Saturday, February 9, 2013


As I leave the stream behind and start the climb towards the ridge of mountains at its head, the afternoon is already thickening to dusk. The sun has been shining, after days in which the mountains have been hidden by cloud, their snow-covered lower slopes rising into the grey like a warning, or like a promise. The snow is days old; it has hardened to a thick crust and makes a crunching sound beneath my feet, like sugar crystallised in a jar.
The head of the valley above me is split by a broad line of shadow which is edging higher as the sun descends below the western ridge. Above me, the lure of sunlit slopes; below, the darkness of the valley, the aubergine tangle of heather darkening the sides of the stream.
Moving into stripes of sunlight, I see that the glittering surface of the snow is pitted with footprints: the asymmetric pattern of the hare; a fox with its tail bobbing behind at each step, a faint brush stroke between the prints; and the tiny dimples of a shrew, barely breaking the surface of the snow, its thin toes splayed against the cold. Mine seem so clumsy in comparison, an intrusion in the remote world of this upper valley, a stranger in this world of birds and wild animals. I follow the steps of the fox for some distance, meandering between tufts of heather and rock outcrops, pausing now and then to pounce, or perhaps just to jump for joy on this day of so much brightness.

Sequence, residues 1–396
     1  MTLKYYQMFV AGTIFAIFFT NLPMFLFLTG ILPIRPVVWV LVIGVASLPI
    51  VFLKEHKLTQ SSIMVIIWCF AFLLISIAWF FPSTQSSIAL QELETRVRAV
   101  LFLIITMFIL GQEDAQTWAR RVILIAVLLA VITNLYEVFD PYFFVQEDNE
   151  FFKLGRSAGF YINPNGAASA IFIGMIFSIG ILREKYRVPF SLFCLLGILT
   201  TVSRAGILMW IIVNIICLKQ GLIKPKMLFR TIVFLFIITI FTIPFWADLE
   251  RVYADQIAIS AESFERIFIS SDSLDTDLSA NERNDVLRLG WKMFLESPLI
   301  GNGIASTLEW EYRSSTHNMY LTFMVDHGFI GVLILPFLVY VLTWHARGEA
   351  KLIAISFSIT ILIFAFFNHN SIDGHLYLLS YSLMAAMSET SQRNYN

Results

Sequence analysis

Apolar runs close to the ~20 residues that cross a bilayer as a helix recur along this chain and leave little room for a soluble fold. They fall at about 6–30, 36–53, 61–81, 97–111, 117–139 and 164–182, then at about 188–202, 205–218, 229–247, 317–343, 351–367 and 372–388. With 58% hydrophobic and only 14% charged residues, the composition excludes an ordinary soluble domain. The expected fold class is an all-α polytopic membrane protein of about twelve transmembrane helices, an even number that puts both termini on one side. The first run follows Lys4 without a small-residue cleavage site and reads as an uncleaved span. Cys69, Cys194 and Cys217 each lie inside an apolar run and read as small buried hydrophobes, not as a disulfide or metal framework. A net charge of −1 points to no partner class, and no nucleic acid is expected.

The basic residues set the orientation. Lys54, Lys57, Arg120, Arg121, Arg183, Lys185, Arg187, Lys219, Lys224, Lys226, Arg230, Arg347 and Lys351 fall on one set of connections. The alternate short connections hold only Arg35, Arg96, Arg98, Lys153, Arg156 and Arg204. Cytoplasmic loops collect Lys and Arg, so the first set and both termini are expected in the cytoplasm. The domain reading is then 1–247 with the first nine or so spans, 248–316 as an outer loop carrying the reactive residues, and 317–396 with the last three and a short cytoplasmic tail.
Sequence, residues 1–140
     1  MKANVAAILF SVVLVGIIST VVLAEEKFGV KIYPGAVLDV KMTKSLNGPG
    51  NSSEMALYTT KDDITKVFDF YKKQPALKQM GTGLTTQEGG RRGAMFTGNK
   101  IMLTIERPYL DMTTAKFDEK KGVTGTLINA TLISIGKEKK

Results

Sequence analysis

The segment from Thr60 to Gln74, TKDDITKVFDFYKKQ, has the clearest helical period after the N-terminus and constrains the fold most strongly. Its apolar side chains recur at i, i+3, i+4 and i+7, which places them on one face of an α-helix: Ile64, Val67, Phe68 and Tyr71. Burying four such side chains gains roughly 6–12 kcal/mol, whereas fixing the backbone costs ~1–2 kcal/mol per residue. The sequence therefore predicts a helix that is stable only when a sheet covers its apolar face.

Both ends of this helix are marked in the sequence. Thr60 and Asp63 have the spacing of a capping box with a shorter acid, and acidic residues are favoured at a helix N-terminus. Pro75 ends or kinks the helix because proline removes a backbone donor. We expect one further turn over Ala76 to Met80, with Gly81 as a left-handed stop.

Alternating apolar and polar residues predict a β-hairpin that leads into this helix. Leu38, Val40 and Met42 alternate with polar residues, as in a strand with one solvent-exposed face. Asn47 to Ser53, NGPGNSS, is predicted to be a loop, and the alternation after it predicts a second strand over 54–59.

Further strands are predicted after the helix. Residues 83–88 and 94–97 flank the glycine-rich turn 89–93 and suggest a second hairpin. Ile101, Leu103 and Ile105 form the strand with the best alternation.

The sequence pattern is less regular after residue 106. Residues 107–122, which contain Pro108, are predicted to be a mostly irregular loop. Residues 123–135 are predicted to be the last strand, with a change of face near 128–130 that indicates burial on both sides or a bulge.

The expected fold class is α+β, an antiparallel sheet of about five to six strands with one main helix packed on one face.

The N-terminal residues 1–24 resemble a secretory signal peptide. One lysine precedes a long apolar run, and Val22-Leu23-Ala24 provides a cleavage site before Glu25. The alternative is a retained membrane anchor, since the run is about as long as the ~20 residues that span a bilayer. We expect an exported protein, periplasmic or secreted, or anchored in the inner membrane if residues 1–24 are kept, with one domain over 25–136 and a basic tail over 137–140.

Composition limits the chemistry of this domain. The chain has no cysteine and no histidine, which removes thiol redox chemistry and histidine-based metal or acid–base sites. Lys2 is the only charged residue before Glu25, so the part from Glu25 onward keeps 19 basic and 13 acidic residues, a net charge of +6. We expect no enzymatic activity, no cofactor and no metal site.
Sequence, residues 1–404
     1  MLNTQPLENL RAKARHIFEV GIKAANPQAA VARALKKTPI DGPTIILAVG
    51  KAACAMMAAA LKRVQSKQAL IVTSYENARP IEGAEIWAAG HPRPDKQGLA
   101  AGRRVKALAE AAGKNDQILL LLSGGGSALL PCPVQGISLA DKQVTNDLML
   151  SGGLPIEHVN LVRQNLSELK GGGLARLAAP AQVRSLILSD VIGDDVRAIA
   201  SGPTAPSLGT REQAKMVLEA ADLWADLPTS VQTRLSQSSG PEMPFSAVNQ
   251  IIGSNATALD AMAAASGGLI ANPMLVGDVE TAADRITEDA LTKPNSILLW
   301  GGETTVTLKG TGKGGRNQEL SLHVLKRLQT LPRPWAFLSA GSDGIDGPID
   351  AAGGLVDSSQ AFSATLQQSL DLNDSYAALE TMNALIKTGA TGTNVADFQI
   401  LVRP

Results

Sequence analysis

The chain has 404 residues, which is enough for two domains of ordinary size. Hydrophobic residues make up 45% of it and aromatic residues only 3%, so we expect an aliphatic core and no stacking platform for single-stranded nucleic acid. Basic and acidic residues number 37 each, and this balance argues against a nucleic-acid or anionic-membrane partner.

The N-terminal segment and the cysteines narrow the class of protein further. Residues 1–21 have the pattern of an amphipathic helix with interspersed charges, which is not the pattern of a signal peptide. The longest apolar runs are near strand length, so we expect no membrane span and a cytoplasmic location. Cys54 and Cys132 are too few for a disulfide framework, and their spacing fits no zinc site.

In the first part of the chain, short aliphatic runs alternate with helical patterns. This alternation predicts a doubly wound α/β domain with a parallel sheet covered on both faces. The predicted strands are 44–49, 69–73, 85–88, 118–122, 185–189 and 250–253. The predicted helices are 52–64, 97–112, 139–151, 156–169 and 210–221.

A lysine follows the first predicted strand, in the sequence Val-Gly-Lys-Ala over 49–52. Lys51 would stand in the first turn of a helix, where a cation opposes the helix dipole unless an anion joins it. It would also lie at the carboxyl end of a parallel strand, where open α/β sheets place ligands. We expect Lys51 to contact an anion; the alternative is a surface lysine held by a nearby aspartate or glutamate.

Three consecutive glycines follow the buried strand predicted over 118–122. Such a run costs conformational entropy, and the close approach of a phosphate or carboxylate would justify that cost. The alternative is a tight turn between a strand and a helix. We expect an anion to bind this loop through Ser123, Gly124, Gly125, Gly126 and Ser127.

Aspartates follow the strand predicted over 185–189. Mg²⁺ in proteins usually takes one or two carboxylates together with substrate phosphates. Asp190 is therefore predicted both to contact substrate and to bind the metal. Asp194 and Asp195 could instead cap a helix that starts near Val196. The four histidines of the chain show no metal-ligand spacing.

As I emerge from shadow onto the sunlit top of the mountain, like a diver breaking the surface for air, a word comes into my mind. Chiaroscuro: the interplay between darkness and light; the contrast which makes a portrait complete; the denseness of shadow which makes the sunlight so pure and brilliant; the days of darkness without which the sunlight would seem banal, mundane. Our lives are shaped around these contrasts, these shifts of mood, this dance of light and shadow which defines mountain regions, the way that our moods can shift from sombre darkness to brilliant clarity in the space of a day.
As I leave the summit and start down the long ridge homewards, four ravens gust from the shelter of the ridge and spill across the mountainside beneath me; dark shapes etched on the pale snow, their voices dark, harsh notes scratched on the peerless blue of the afternoon. They circle and dip in the steely breeze, like fragments blown in the wind, before settling once more amongst the rocks and heather. Further along the ridge, I see a single one which has risen again into flight and is coasting the updraughts of chill air just above me, my tutelary spirit, my reminder of the darkness that makes the day complete. Below me, the valley is already steeped in shadow; the river glows like a thread of gold in the last reflected light of the sun.


  1. Great post Ian. I too was the first to place my clumsy footprints in the virgin snow in the Black Mountains a few days ago and observed a similar fox trail of footprints and tail brush strokes.

  2. Thanks, Eddie. Interestingly, as I was climbing out of the Hopebeck valley on friday (the location for this post), my mind was on your recent article on 'finding wilderness'; a piece which has resonated with me since reading it. I was marvelling at how a touch of snow can turn familiar landscapes into wild ones, and how even the well-trodden hills of the lake district can seem like an un-human domain when only the footprints of animals remain. A good antidote to our anthropocentric viewpoints.